“Culture eats strategy for breakfast” says my friend, Ben Bradley. I agree, but how much diversity can it stomach?
We’ve all been there – pressure’s on, business performance needs to improve NOW and it’s up to us to make it happen. We’d pulled the shiny, technical and process-centric levers already and the changes just won’t stick. We know the answer, but dealing with it is neither quick nor easy. We need to focus on the workplace culture. Now, in a short article like this, I won’t attempt to discuss the shaping of workplace culture. Rather, I’m focusing on something often neglected – the impact of diversity on said culture.
Before attempting to change it, we need to know what we want the culture to be like. We need to understand clearly the values, beliefs and norms (behaviours) expected and then model these through a core team of leaders. It sounds simple, but we all know that it’s not. One key failing, I believe, is that we neglect to step back and examine the environment within which the culture must exist. Like hordes of mutant bacteria to a living organism is an excess of diversity gradually being smuggled in through the back door. And like bacteria, we struggle to see diversity.
We’ve all heard it, I’m sure (and perhaps even said it ourselves?): “why, that’s just intolerant!” We all need to be prepared to embrace change! I totally agree – where it does not compromise the core values and beliefs of the culture we’re trying to sustain. Just like Collins’ and Porras’ “Built to Last” companies, we can drive improvement and change with passion and vigour while preserving the core; but that latter element is the key.
Diversity is an important concept in complexity science. Innovation often happens at the intersection of schools of thought and diversity in thinking can provide this to an organisation. It is crucial in breaking pattern entrainment and encourages us to reframe and reconsider current strategy. However, complexity science also instructs, through Ashby’s Law of Requisite Variety, that in order to deal properly with the problems generated by diversity, we need a sufficiently large repertoire of responses which is (at least) as nuanced. Back to the living organism analogy – too many bacteria, mutating too quickly and the system cannot repel the infection. It becomes weak or may even die.
We are currently living under a tsunami of diversity. Even the diversity has diversity! Whether it’s age, ethnicity, race, gender, sexual orientation, capability, disability, religion, diet or ideology – just to name a few, every minority group seems to be pushing its barrow with disproportionate strength. Despite feeling punch-drink, we must be vigilant to preserve the desired culture and this could mean making some politically-incorrect decisions. The key here is to be absolutely sure about the values, beliefs and norms we want in the culture we are shaping and to keep unwanted elements out. To do this well, we will need to know WHY we believe what we believe and to stand up for it. As a wise person (heavily disputed authorship) once said “if you don’t stand for something, you’ll fall for anything!”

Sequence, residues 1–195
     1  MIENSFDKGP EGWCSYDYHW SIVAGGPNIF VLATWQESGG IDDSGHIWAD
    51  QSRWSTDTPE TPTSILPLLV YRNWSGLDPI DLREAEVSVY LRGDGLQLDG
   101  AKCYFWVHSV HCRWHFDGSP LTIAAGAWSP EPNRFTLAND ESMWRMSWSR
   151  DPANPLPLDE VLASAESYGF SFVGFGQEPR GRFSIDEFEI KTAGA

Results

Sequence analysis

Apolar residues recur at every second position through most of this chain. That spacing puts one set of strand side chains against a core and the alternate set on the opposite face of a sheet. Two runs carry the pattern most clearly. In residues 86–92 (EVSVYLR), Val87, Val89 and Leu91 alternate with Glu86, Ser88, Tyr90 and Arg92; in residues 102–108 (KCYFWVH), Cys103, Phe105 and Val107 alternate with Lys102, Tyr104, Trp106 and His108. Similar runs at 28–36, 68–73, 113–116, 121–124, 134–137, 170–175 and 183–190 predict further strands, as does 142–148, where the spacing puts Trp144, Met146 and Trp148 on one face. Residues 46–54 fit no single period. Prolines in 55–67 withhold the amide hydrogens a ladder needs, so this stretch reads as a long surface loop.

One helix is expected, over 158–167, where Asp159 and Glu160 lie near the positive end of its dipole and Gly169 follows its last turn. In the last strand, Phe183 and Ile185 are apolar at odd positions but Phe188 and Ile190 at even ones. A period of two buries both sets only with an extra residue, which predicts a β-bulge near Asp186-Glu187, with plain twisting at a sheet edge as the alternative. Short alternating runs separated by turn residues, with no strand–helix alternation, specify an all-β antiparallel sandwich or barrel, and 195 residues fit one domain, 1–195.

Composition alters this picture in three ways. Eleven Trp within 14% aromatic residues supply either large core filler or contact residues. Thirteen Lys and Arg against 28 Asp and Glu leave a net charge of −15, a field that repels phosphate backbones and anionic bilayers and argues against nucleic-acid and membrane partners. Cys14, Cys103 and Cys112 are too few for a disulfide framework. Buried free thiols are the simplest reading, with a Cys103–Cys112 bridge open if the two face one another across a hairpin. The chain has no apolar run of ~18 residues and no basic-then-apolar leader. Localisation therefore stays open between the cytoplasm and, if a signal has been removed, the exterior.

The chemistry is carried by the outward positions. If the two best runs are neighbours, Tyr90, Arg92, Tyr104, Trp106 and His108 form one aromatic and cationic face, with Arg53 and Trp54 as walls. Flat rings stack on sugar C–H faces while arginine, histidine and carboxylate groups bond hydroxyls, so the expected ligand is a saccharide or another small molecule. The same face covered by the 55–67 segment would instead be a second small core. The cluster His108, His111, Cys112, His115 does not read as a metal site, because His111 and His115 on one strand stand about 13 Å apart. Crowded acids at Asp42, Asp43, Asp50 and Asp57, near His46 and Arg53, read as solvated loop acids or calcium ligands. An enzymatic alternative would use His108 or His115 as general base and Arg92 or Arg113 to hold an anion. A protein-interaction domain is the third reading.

On Thursday 23rd June, we saw a very interesting thing happen in Europe. England voted to BREXIT the EU. Many pundits have given their opinion on why. My two-bob’s worth is that the majority of Brits have decided that they don’t want to see their culture changed any more (than it already has). Things are very different there now compared to two decades ago and people have said “enough!”
Opening borders is one way of dealing with the entailments of war, but it does come at a cost to national sovereignty, security and individual freedom. However, I’m not sure that this was the only big reason for BREXIT. Did you know that the EU bosses in Brussels were planning to outlaw the classic British tea kettle and the toaster in the name of climate change! These may be minor examples of the “rule from Brussels” but nevertheless, they are symbolic of the general bad taste left in the mouth of established Brits. Losing their national sovereignty one appliance at a time may have been the straw that broke the British camel’s back. I trust that the reasons for BREXIT were more substantial than having tea and toast, although these do represent some of England’s more treasured social norms.
We can’t predict what will happen as a result of the BREXIT vote. We can’t change what’s going on in Europe. We might even feel that our recent Aussie vote didn’t amount to much either. However, there is something that we can all do. We can step back, re-evaluate our core values and beliefs and draw a line in the sand. Then, like Gandalf to the Belrog, shout out: “You cannot pass!”